“We head into 2018 with an improved base business, healthy inventories, a focused and engaged organization and a clear path to return Macy’s to growth,” he said.

The company said in 2018 it will accelerate initiatives related to its stores, technology and merchandising. It also introducing an incentive plan for store employees.

Looking to fiscal 2018, Macy’s expects earnings for the year to fall within the range of $3.55 to $3.75 per share, while analysts had forecast the company earning $3.04 a share.

Real Estate Update: Over the last three fiscal years, Macy’s, has completed asset sale transactions, including stores, warehouses and parking garages, totaling approximately $1.3 billion in cash proceeds. The retailer said it will continue to “opportunistically evaluate” its real estate portfolio in 2018 to identify opportunities “where the redevelopment value of its real estate exceeds that of non-strategic operating locations.” The company also continues to focus on creating “additional value’ from its flagship locations.

Macy’s announced it is exploring opportunities to sell the approximately 240,000 gross-sq.-ft. I. Magnin portion of its main Union Square building in San Francisco. (Macy’s Union Square comprises multiple buildings, and the former I. Magnin building is a separate structure.)

As previously announced, Macy’s sold the Union Square Men’s building and is incorporating the men’s business into the main store. The company is also making additional enhancements to the Union Square main building through the conversion of street-level selling space into high-end retail shops that will be leased to third parties.

Macy’s will continue to work with Brookfield as part of its strategic alliance. The companies have agreed to certain terms on nine assets (of the approximately 50-asset portfolio), which Brookfield will redevelop once it has received the necessary approvals. Upon the completion of certain approvals, Macy’s will either sell its interests in the individual assets to Brookfield or contribute them to individual joint ventures. If sold, the cumulative value is estimated to be approximately $50 million.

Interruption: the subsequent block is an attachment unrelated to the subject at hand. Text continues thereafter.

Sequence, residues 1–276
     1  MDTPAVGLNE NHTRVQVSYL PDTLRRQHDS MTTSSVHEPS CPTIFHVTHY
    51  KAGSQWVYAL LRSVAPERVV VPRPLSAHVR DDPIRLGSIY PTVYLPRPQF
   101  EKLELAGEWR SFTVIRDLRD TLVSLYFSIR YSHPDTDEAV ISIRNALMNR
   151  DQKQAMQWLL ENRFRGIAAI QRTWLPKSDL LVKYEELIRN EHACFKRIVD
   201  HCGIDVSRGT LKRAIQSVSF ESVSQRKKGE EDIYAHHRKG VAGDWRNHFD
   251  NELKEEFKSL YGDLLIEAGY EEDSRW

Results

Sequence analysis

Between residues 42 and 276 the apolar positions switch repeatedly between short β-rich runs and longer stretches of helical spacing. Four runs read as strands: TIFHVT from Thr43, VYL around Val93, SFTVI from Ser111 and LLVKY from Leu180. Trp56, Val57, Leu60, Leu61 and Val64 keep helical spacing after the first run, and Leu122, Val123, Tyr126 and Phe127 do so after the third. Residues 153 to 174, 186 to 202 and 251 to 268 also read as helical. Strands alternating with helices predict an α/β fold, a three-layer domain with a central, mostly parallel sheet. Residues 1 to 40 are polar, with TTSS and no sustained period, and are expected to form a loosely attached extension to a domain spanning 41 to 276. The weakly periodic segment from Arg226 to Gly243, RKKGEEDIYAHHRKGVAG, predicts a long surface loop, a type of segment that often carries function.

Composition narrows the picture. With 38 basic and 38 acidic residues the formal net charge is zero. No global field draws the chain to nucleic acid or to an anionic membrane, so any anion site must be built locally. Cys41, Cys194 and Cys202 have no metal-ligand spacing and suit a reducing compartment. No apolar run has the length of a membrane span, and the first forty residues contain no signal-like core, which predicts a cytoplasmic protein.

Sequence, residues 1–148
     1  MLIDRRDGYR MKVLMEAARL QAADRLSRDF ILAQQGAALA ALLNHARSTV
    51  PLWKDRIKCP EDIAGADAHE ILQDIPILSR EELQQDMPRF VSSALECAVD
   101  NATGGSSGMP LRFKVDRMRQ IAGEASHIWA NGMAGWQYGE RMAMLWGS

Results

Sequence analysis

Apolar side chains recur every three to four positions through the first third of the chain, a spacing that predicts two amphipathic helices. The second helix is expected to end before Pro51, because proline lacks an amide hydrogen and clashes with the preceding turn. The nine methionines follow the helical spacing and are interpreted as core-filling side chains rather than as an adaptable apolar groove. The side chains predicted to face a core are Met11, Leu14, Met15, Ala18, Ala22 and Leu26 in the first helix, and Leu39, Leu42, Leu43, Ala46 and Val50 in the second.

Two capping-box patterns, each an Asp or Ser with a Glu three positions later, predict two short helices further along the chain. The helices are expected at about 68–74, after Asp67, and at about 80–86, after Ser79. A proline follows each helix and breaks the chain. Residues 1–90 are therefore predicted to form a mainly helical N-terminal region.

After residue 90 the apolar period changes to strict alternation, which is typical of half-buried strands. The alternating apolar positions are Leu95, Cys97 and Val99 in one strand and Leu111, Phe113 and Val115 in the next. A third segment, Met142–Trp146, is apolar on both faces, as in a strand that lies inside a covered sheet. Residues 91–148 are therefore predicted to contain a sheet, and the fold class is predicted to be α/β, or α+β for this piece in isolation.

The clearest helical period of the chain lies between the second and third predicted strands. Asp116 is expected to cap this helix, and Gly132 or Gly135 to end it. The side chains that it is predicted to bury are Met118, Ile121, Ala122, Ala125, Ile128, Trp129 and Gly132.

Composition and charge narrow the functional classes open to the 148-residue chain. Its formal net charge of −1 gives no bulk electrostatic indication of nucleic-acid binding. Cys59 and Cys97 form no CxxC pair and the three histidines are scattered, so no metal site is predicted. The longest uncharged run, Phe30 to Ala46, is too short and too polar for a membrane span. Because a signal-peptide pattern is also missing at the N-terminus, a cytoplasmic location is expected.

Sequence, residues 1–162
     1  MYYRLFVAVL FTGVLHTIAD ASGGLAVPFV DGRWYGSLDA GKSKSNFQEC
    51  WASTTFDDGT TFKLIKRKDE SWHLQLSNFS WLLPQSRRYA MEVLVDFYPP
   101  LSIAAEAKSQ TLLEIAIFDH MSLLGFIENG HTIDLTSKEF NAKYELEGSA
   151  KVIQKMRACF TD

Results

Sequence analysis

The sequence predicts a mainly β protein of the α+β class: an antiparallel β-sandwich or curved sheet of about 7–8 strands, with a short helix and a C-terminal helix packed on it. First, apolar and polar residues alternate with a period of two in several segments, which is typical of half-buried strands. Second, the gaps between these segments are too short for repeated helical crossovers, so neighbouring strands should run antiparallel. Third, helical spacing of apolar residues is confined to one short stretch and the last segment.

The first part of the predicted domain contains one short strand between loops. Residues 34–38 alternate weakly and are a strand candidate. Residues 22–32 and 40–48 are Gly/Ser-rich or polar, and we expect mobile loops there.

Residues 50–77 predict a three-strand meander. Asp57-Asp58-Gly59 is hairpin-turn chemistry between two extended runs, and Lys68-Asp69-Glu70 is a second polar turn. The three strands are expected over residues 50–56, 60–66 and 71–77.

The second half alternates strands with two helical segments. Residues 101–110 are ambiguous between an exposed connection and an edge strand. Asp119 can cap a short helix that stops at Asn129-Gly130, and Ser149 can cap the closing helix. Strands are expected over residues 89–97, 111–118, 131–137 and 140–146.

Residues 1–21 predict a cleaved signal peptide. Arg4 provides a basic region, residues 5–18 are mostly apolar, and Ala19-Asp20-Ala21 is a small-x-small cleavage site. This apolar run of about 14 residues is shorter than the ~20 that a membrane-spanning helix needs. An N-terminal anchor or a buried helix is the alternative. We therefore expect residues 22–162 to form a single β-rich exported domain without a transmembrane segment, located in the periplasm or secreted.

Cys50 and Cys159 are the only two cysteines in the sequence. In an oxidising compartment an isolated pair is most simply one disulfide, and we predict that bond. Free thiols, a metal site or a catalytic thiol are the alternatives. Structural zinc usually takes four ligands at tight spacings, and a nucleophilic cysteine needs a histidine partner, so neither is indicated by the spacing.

To date, Macy’s has closed 83 stores as part of its previously announced plan to shutter 100 locations.

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Tavistock to launch hotel brand at Lake Nona

BY Al Urbanski

The rapidly growing Lake Nona community outside of Orlando will be the launching pad for Tavistock Development’s new hotel business.

The first two properties to arrive under the Tavistock Hotel Collection brand will break ground this year in Lake Nona — home to the 650-acre Lake Nona Medical City, KPMG’s national training center, the National Campus of the Unites States Tennis Association, and Steiner + Associates mixed-use Lake Nona Town Center.

“This is a huge milestone for Lake Nona and for the Town Center. The hotel will serve as the soul of the Town Center because it will serve not only residents, but KPMG, the sports complex, and the medical center,” said Kit Pappas, VP of hotel management for Tavistock.

The larger of the two hotels with 335 rooms, the Tavistock Lake Nona Resort will be the first to open in 2020, according to plans. The 215-room Tavistock Town Center Hotel is also expected to be accepting guests before that end of that year.

Steiner executives welcomed Tavistock’s news as a boon for its retail tenants. “

Hospitality is a natural complement to retail. It provides captive guests staying in the community with free time,” said Steiner executive VP for retail real estate Anne Mastin.

Mastin also applauded the state-of-the-art designs for the hotels.

“These two hotels are pushing the envelope in the hospitality space, which will absolutely appeal to innovative, first-to-market retail seeking out their first-to-market location in the greater Orlando market,” Mastin said.